A disaggregate analysis of ‘excess’ car travel and its role in decarbonisation

Zia Wadud, Muhammed Adeel, Jillian Anable, Karen Lucas

Research output: Contribution to journalArticlepeer-review


This paper measures ‘excess’ car travel for its role in decarbonisation. On average, each English adult travels around 5,680 miles a year and emits 1,006 kg of CO2. However, the top 5% ‘excess’ car users travel 4.8 times and emit 5.7 times the national average. Four binary logistic regression analyses were used to model the probability that people with specified characteristics belong to the ‘excess’ mileage and emitter groups. Results indicated that gender, employment and socio-economic status, household income (higher quintiles), company car availability, residential location and local population density were highly significant correlates of this ‘excess’ travel mileage. Multiple car ownership, business travel by car, multiple international flight frequencies and ownership of larger and diesel cars were positively associated with excess travel and emissions. A mileage rationing scheme targeting the top 20% users can cut emissions substantially (by 26%) compared to targeting ‘excess’ (top 5%) users only.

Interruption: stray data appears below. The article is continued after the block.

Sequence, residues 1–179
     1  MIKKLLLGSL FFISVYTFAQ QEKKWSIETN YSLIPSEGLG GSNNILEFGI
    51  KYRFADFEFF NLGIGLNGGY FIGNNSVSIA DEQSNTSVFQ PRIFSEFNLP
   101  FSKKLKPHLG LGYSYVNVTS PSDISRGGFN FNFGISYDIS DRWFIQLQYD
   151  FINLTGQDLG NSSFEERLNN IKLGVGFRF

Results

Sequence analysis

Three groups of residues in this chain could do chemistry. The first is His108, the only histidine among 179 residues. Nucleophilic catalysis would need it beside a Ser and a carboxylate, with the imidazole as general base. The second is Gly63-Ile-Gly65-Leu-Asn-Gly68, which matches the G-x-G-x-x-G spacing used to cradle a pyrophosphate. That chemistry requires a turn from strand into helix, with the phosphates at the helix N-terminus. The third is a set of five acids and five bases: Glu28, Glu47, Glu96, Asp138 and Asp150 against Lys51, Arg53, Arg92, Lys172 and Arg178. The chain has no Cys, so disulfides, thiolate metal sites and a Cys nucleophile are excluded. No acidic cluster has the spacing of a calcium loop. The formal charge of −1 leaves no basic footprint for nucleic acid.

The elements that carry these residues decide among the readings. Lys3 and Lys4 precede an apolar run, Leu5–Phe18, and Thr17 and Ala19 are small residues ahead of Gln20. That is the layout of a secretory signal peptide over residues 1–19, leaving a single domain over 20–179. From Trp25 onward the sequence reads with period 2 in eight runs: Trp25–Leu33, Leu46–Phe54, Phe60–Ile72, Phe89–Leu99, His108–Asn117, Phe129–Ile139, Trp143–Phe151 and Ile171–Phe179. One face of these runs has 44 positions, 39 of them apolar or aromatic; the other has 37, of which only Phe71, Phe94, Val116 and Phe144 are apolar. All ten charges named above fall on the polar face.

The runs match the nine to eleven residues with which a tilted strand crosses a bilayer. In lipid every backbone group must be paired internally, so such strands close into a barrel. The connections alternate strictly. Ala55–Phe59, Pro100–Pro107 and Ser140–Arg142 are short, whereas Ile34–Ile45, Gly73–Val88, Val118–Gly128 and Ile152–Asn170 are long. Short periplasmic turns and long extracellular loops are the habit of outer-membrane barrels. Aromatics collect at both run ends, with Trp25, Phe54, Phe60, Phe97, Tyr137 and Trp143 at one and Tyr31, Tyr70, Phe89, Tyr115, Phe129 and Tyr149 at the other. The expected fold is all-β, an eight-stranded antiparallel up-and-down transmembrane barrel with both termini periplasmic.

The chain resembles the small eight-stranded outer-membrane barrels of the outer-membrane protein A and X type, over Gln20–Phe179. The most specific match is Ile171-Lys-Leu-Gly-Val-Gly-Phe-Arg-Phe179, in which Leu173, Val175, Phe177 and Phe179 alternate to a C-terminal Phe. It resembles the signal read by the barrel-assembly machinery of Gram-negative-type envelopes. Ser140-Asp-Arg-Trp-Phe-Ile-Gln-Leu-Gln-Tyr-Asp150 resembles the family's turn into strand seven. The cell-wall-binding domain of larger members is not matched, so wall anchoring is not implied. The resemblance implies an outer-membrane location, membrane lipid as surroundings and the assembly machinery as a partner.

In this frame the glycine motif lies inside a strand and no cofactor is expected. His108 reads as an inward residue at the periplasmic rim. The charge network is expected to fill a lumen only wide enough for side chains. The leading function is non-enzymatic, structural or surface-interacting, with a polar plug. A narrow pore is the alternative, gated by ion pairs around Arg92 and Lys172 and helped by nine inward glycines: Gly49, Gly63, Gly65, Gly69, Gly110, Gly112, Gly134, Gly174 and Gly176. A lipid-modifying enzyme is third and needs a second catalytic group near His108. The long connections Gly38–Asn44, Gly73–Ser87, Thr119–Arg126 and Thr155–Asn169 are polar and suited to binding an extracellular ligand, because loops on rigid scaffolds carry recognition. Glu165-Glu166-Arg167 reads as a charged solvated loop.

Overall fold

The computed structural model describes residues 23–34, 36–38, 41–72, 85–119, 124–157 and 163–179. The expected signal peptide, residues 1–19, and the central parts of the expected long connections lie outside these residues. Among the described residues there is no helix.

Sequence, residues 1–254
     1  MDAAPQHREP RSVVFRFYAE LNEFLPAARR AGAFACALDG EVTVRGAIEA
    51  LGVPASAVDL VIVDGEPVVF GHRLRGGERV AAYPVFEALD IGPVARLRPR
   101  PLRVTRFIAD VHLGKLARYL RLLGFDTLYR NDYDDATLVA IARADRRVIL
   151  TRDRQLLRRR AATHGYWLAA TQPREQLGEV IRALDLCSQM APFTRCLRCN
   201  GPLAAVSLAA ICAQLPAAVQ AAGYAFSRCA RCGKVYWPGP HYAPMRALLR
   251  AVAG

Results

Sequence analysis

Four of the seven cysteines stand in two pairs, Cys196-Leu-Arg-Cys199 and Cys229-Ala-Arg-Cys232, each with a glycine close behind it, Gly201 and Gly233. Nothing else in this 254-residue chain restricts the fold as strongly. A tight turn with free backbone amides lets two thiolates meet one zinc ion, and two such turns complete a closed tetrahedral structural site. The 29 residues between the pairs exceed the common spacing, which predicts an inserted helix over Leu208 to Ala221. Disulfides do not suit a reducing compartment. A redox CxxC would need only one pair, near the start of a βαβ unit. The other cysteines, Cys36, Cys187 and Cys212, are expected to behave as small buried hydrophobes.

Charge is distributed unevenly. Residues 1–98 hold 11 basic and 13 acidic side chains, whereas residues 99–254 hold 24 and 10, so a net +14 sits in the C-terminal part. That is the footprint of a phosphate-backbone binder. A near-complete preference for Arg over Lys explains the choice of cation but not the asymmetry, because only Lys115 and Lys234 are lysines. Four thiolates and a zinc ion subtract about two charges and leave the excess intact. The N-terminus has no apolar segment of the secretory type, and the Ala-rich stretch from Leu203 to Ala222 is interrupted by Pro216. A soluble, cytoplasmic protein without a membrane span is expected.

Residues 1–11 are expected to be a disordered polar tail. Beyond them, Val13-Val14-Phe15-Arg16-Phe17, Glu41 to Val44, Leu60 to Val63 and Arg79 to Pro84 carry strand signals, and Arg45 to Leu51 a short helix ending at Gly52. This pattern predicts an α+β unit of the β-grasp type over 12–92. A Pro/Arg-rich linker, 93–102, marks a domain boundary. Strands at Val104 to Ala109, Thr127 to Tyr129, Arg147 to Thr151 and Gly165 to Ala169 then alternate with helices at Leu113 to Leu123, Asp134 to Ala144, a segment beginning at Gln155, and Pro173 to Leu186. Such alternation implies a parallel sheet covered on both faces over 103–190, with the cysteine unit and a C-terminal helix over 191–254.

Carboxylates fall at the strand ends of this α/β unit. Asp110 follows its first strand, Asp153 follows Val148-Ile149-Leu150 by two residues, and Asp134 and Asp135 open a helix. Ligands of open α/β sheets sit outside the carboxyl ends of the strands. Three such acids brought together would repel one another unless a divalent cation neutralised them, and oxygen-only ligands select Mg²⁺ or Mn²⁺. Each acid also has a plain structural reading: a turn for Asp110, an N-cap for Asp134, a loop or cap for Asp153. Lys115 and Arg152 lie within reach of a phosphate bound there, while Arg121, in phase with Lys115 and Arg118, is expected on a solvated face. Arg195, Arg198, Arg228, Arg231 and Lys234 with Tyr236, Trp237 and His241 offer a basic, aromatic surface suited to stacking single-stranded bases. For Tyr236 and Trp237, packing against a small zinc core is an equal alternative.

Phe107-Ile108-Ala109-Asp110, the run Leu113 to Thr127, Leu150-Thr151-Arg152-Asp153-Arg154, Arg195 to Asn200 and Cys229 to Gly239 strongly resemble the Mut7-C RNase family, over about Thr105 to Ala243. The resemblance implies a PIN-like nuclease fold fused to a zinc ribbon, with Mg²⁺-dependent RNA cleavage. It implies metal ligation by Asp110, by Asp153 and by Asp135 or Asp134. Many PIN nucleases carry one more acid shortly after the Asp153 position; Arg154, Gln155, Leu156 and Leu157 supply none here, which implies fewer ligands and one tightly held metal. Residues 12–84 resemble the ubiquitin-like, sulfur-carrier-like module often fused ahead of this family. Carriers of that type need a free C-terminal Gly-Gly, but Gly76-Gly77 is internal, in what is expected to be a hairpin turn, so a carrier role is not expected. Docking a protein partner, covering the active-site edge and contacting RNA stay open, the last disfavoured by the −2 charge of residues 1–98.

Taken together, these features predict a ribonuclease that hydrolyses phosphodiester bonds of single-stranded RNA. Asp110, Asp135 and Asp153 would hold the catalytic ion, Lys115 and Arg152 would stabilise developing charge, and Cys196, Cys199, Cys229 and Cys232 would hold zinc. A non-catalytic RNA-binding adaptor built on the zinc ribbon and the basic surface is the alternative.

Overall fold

Original languageEnglish
Article number103377
JournalTransportation Research. Part D: Transport & Environment: an international journal
Early online date7 Jul 2022
Publication statusPublished - 1 Aug 2022


  • Car use
  • Carbon budget
  • Carbon emissions
  • Excess consumption
  • Mileage
  • Mobility


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